New Microscope Lets Users Track Individual Cells as They Move and Divide
A new imaging technology developed at Janelia lets users track each cell in an embryo as it takes shape over hours or days.
The transformation of a fertilized egg into a functioning animal requires thousands of cell divisions and intricate rearrangements of those cells. That process is captured with unprecedented speed and precision by a new imaging technology developed at the Howard Hughes Medical Institute’s Janelia Farm Research Campus, which lets users track each cell in an embryo as it takes shape over hours or days.
In a single movie—a compilation of a million images captured over about 20 hours—viewers can see biological structures begin to emerge as a simple cluster of cells morphs into an elongated body with tens of thousands of densely packed cells. The movie concludes when the embryo begins to twitch, driven by contractions of its newly formed muscles—moments before the hatching of a fruit fly larva just half a millimeter long.
Philipp Keller Introduces the Microscope
“This approach is incompatible with the highly dynamic process of development,” Keller says. “Snapshots just don’t capture the essence of it.” Furthermore, cells may divide and rearrange themselves differently each time development occurs, so combining observations from multiple organisms could be misleading.
To better follow development, Keller says, scientists needed a way to image at high speeds, over long periods of time, without interfering with the processes they wanted to observe. Frustrated by the limitations of existing technology, Keller set out to design a microscope that would let him investigate the biological questions that fascinated him most.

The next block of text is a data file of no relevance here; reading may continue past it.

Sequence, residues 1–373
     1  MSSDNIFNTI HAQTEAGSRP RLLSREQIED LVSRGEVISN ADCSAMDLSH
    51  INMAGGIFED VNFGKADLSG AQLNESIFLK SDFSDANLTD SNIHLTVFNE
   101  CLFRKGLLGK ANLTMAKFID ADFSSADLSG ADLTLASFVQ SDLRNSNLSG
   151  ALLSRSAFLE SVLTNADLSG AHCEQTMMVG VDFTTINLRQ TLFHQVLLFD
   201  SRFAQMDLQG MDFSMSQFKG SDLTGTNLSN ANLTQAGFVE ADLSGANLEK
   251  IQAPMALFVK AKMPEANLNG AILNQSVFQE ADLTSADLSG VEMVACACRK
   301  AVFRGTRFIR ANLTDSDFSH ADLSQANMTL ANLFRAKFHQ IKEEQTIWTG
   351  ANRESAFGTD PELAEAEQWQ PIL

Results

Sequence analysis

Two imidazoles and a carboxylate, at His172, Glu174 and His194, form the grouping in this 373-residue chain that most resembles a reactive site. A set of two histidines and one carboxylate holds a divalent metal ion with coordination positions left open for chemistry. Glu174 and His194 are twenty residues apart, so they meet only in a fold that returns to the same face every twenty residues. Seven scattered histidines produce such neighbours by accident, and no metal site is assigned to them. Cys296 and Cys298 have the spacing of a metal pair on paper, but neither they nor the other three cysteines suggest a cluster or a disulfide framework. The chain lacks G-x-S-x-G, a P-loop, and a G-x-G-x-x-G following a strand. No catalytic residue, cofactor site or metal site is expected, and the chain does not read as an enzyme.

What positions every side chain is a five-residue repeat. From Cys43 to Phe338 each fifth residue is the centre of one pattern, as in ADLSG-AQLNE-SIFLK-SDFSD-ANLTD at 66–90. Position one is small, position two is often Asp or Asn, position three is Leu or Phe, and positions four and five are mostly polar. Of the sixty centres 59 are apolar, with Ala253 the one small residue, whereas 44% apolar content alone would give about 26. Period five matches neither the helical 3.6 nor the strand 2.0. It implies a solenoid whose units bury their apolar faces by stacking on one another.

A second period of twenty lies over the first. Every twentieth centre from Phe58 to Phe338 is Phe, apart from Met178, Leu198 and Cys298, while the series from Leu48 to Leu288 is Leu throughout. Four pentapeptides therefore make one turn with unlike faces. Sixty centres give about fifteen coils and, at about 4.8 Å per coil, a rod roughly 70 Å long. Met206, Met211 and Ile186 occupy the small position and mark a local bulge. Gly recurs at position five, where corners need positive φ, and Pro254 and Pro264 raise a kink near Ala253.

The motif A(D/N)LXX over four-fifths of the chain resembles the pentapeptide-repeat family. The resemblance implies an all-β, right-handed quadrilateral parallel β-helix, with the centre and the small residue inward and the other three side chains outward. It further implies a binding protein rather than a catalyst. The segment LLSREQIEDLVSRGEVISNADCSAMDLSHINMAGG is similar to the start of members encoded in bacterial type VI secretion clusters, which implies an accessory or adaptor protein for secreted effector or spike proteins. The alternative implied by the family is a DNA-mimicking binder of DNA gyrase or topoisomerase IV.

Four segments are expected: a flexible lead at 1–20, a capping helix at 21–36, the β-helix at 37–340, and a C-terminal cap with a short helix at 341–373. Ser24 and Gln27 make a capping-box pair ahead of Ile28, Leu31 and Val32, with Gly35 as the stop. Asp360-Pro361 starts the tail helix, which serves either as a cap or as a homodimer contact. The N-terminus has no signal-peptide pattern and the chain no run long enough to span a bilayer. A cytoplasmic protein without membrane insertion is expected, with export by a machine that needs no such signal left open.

The new technology, which Keller’s team calls simultaneous multi-view light sheet microscopy, builds on methods Keller developed with colleagues at the European Molecular Biology Laboratory in Heidelberg, Germany to address one of the concerns associated with conventional light microscopy: the damaging effects of exposing a sample to light. Light is essential to activate and visualize the fluorescent labels researchers attach to molecules inside cells, but too much of it damages cells and causes fluorescence to fade. Keller and his colleagues reduced this damage by illuminating only a thin section of a sample at a time with a scanned sheet of laser light, while a detector records the part of the sample being lit up.
The light sheet technique was fast, and could capture the rapid process of development in samples that were not too thick or opaque. In larger or less translucent embryos, however, light from the microscope would scatter as it passed through layers of cells, blurring the image. In a fruit fly embryo, for example, only about 30 percent would be visible.
“You really lose a lot of the information,” Keller says. “If you want to study cellular dynamics during development to get a complete, dynamic building plan of the entire animal, you can’t afford to not see parts of the sample.”
The solution was, in concept, simple: build a light sheet microscope that collects images from multiple views at the same time. “Instead of looking at the sample from one direction, we look at it from four directions at the same time,” Keller explains.
In the new microscope, two light sheets illuminate a sample from opposite directions, and two detectors collect the resulting fluorescence. Each combination of illumination and detection lens provides a different perspective.